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Al Azhar online library offers access to rare manuscripts

By a staff reporter / 7 November 2006

DUBAI — The response to the online library of Al Azhar, one of the Islamic world’s oldest and most prominent learning centres, has been overwhelming so far, say officials.

The online service, www.alazharonline.org, launched about a month ago, provides global visitors with access to thousands of its rare manuscripts.

Mohammad Tokan, the first subscriber of Al Azhar online, said, “The best thing about this project is that it gives everyone a chance to read about the Islamic culture. And since I’m keen to know about Sufism, I can find all the rare references online at Al Azhar,” said Tokan, an IT engineer with Engineering House in Amman.

Al Azhar reportedly has 1.5 million hits and more than 36,000 visitors in less than one month.

Interestingly, 60 per cent of the hits are from the United States.

When subscribing to Al Azhar online, scholars, researchers and millions across the world will be able to view rare manuscripts that would otherwise have been inaccessible.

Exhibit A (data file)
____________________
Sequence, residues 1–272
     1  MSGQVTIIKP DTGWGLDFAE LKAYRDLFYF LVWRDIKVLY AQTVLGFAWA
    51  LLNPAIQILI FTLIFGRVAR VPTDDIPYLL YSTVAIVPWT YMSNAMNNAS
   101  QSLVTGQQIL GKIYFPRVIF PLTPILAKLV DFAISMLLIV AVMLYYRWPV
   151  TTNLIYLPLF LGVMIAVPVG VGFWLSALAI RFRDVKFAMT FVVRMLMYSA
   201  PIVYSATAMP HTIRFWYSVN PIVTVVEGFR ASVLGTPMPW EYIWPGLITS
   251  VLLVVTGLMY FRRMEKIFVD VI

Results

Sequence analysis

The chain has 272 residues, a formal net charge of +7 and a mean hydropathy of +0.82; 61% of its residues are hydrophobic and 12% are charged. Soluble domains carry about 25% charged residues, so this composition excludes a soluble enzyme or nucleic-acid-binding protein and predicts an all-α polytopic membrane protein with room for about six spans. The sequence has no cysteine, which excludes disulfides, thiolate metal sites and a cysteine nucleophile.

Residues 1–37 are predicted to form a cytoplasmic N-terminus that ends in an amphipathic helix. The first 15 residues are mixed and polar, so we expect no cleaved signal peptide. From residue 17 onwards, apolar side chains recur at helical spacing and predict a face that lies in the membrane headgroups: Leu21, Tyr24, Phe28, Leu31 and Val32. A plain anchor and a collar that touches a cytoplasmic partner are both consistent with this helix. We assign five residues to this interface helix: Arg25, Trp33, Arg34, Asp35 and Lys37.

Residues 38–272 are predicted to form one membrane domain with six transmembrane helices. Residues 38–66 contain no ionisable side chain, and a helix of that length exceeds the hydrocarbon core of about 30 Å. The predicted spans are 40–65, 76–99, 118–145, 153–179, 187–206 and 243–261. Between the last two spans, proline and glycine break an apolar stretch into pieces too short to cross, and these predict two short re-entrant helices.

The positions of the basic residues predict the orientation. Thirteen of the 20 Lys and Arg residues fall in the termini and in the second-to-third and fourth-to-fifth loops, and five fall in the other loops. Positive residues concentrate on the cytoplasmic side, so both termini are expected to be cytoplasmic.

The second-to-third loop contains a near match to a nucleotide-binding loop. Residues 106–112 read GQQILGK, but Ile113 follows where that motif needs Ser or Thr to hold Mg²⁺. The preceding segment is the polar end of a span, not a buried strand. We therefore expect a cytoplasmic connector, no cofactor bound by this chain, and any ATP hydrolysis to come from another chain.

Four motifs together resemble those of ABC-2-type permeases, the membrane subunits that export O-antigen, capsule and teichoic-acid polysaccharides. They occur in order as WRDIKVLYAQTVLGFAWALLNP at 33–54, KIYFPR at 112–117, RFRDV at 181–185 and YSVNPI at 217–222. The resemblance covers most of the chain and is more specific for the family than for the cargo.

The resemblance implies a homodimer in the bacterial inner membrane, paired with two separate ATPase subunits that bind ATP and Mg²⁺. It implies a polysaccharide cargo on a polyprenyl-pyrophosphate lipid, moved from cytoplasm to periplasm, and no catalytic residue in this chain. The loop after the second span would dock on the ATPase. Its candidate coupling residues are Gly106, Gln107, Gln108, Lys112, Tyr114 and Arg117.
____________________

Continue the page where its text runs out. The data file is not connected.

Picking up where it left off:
Moreover, subscribers will be able to download digital copies of several priceless manuscripts.

CDs of the manuscripts can be also obtained from Al Azhar’s online library for a small fee.

“I really loved the service. It is very fast and efficient. The presentation of the web site is just amazing.”

“I can see the efforts and hard work behind it,” concluded Tokan.

The money generated from the subscription of these services will be used to enhance the project and preserve these rare manuscripts in a digital format and facilitating greater accessibility to users around the world.

Al Azhar’s online library contains over 27,000 manuscripts in 3 million pages that cover 63 fields in science and arts.

On the completion of the archiving of the rest of Al Azhar’s manuscripts, that are over 42,000 manuscripts in 7 million pages, it will be the largest manuscript web site on the Internet and the first of its kind in the world.
 
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